This Is Tomorrow || Michael Bird

Now that we’re firmly established in the Twenty-First Century, its predecessor has become the subject of history and one to be evaluated from that perspective. What was once achingly hip, original, never seen before, ground-breaking, can be seen as part of an organic development as groups coalesce then fracture, movements build and hand their legacies on to those who inherit them as well as those who reject them in their entirety.

This is the story, told almost as an adventure, of how art and society developed in what the blurb tells us was an unprecedented pace of change (I think we could discuss that). It is certainly true that two World Wars and scientific development that took us from primitive motor cars to super-computers left a world unrecognisable from either of its bookends.

To view a whole century, especially one as dynamic as Michael Bird presents it, is a formidable task and one which requires careful marshalling of material and thesis. To do that in less than 400 pages presents plenty of opportunities not just for pitfalls, but spectacular pratfalls. To read it is almost to go to the circus just to see the wire-walker hit the arena floor and gasp as they manage not to.

The title, neatly, is taken from a Whitechapel Art Gallery exhibition of 1956. It’s a significant date, because the country is just emerging from post-war austerity and youthful talent, while it may remember the war, was not an active participant. The mood of the times was optimistic. It was time to rebuild, but also to find new ways and approaches, we were in a hurry, time was of the essence and the old could be – and frequently was – discarded.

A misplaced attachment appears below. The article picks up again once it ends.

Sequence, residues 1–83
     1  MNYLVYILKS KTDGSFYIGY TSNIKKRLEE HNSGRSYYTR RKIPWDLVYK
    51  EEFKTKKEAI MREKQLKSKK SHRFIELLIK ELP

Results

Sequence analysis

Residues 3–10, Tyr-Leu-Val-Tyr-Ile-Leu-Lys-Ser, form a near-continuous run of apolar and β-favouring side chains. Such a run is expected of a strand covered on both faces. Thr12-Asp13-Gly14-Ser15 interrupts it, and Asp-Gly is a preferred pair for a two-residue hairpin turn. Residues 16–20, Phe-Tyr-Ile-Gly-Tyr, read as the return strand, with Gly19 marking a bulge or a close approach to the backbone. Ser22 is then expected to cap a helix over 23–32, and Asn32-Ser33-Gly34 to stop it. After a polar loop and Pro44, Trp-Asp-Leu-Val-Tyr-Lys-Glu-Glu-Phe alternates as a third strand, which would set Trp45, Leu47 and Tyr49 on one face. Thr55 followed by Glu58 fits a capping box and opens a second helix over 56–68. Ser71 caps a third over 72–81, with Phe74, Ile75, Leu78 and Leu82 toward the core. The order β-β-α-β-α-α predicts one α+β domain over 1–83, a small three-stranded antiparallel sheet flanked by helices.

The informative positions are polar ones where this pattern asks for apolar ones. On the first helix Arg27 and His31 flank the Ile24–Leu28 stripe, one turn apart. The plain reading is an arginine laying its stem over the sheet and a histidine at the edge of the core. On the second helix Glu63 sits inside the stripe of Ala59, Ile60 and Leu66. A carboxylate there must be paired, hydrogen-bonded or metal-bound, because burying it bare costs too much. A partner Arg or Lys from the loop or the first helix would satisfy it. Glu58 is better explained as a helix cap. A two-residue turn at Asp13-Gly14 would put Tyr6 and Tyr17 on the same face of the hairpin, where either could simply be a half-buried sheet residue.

But there was also a foundation. The early years of the century had seen a change of regime. After the death of Prince Albert in 1861, Queen Victoria had gone into mourning and the whole country had to follow; life was stifled. Then, just as the century turned, Edward VII ascended the throne and the lights were turned on. And, yes, I am going to say that, in the words of Edward Grey, they were turned off again thirteen years later. From 1920 to 1939, there was another renaissance as art and architecture rejected ornamentation and simplification became the order of the day. Much of that movement, as well as many of its proponents, did not survive the next war and before you know it, another batch of young British artists (they weren’t YBAs yet) had come onto the scene. And it was a scene, this was art that shouted, demonstrated and told its parents they didn’t have a clue. The parents, as parents do, looked on with a mixture of bemusement and toleration – well, mostly.

This is not a book peppered with illustrations, and there’s hardly any colour, but that doesn’t detract one jot from its appeal. This is a story that unrolls the narrative of a whole century and Michael conjures up in words all the pictures you’ll need. It’s a heck of a journey.

Click the picture to view on Amazon

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